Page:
Lyrics to two songs from Beyoncé’s new album Renaissance The updates were made as a result of discussions on social media. A poem on “Heated” was changed after activists noted it contained language that has been described as capable. Then, singer Kelis shared a series of Instagram posts expressing her disappointment that her hit “Milkshake” had been sampled on the album without her knowledge, describing it as “theft.” Both examples raise questions about the growing resilience of music as a digital product.
Already, albums of major musicians are updated frequently. Deluxe Edition featuring added songs, you’re never going to end donda 2, from the beginning of this year, dominated the internet via uploaded versions, perhaps the start of a new trend in music. Beyoncé’s song change follows roughly the same situation that unfolded with the release of Lizzo’s single “Grrls,” which the singer shared last month. Commentators online took issue with the use of the term “spasz,” which has been described as a slur used against people with disabilities, particularly cerebral palsy. Hannah Devinee, an activist who played a big part in the campaign to change the Lizzo song, published a column Guardian Condemning Beyoncé’s alleged surveillance. ,When Beyoncé dropped a similarly capable slur as Lizzo on her new album, my heart sank,” read the title of the story.
Other disability activists, such as Willissa Thompson, have argued that the language used in pop music can be criticized unequivocally. He did NPR. told That disability advocates should not overlook the power dynamics in play when a popular black female musician is being called out for language that equally exists in the catalogs of many male actors.
in a statement to Rolling stone, Beyoncé’s team noted that “a word not used in a deliberately harmful way will be changed.”
Conversations about competence are nothing new in pop culture. The Black Eyed Peas’ best-known single, “Let’s Get It Started,” was initially titled “Let’s Get R*tard”, with the original version featuring the slur sung in the chorus until it was released almost a year after it was released. Later it was changed silently. The edited version of the song would go on to win the group a Grammy in 2005.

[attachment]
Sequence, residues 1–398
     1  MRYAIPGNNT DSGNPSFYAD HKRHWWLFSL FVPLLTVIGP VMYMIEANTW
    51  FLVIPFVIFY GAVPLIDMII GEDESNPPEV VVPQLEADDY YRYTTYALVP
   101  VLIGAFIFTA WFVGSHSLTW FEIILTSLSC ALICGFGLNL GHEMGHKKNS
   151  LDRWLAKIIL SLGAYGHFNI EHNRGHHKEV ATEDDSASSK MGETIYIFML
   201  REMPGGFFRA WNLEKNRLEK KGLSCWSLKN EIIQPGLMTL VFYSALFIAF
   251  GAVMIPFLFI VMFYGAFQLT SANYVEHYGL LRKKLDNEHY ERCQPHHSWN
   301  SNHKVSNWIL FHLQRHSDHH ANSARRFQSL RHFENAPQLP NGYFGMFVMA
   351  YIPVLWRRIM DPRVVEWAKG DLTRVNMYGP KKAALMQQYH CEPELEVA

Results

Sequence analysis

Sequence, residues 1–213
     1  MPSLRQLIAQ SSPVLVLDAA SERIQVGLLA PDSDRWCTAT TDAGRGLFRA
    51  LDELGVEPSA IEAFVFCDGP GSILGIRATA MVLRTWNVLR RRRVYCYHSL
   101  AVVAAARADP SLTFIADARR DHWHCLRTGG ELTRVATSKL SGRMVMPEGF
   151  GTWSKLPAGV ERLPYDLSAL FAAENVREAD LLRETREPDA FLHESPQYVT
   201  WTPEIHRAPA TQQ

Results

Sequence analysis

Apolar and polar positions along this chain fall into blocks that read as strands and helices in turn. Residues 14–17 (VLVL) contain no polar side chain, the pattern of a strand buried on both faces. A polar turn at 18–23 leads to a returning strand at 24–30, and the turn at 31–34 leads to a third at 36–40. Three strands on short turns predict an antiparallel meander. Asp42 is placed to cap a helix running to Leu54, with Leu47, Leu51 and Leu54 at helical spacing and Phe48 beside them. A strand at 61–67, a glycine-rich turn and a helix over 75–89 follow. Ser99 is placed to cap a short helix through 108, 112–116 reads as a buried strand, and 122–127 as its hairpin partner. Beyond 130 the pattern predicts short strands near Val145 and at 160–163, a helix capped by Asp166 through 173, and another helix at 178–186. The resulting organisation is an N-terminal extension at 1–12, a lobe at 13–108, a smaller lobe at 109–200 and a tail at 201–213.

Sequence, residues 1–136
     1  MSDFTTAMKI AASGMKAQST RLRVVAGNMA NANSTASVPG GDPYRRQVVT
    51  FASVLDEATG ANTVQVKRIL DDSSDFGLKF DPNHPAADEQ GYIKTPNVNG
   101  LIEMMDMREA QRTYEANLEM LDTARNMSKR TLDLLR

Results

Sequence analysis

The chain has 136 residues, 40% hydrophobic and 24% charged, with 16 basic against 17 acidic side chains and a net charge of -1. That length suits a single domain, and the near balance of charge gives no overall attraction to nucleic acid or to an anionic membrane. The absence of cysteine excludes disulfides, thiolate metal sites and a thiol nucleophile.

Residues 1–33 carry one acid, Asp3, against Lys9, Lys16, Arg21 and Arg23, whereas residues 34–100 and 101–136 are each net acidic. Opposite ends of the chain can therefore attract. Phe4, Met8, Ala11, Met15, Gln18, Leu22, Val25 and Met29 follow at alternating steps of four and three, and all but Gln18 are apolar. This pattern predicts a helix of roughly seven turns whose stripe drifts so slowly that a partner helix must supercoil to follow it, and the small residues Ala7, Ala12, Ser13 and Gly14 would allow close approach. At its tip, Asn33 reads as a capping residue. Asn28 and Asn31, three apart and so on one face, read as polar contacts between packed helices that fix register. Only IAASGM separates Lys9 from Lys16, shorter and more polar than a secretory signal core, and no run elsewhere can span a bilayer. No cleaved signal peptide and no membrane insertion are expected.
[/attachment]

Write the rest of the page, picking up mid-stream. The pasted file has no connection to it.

The situation with Lizzo and Beyoncé recalls the beginning of the CD era when hip-hop first began to overtake the charts. Universal Music has essentially changed the lyrics to Eminem’s song Marshall Mathers LP Prior to its release to retailers to sell a “clean” version. At the time, Hilary Rosen, the former president of the RIAA, said new York Times That “I think it’s a combination of the two not wanting to stifle the cast, but wanting what I think is a very real sense of corporate and social responsibility.”
In those days, record labels were seen more for the big-box stores carrying CDs—and the parental concerns that came with them. Now, with the advent of streaming, the count has changed for artists and labels alike. Avoiding a protracted social media controversy in 2022 is akin to making sure your product can be displayed on K-Mart or Target’s family-friendly shelves in the nineties.
Following Kelis’ posts on Instagram and online attention, Beyoncé also changed a portion of the song “Energy”, which prefaced Kelis’ single “Milkshake”. Despite being the lead artist on the song, Kelis was not credited with songwriting for the track by producers Farrell and Chad Hugo, meaning he has no ownership of the copyright. “Milkshake alone is one of the most licensed records of our generation,” Kelis wrote on Instagram. “I have done more than leave my mark on an era of music and style that will go down in history.”
In the case of both Lizzo and Beyoncé, artists are expected to voluntarily alter their lyrics as a shift toward a more empathetic way of handling disputes, where unfairly treated people can speak out and effect change. can do. But a terrifying prospect looms large over the way major releases feel less permanent in general. Streaming platforms have managed to change the way we understand music, and now we’re in a unique position that, if you don’t get dizzy, might just be the album you’re playing on your phone today. Tomorrow may not be the same.